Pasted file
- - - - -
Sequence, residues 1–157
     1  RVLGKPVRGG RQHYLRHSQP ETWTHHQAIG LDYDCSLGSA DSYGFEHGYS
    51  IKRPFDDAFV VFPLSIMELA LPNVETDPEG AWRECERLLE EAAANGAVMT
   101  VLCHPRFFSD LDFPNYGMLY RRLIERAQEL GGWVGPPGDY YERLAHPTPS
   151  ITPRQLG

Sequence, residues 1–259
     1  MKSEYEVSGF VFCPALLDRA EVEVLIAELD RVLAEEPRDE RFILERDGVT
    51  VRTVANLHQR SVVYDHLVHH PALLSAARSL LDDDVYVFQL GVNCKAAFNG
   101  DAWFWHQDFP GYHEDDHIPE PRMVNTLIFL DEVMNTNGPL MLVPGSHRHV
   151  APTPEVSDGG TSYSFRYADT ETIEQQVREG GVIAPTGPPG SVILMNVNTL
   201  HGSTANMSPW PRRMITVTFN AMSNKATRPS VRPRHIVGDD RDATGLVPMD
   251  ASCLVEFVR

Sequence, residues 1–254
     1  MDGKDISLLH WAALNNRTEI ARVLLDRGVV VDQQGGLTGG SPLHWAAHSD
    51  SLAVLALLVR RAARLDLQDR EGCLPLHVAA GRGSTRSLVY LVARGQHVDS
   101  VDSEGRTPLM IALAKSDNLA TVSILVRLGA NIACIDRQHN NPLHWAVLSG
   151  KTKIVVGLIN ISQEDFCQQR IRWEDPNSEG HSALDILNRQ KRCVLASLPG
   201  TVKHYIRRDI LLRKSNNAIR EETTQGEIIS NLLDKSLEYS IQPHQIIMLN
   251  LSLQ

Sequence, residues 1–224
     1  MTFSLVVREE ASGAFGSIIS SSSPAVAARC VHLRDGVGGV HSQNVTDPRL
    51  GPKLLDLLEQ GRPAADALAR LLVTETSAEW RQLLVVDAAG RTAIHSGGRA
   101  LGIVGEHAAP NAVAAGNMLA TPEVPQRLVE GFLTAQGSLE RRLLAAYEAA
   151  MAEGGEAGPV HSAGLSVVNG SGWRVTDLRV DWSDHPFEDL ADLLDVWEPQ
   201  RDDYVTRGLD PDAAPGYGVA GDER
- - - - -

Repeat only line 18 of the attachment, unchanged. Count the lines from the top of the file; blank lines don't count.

   201  TVKHYIRRDI LLRKSNNAIR EETTQGEIIS NLLDKSLEYS IQPHQIIMLN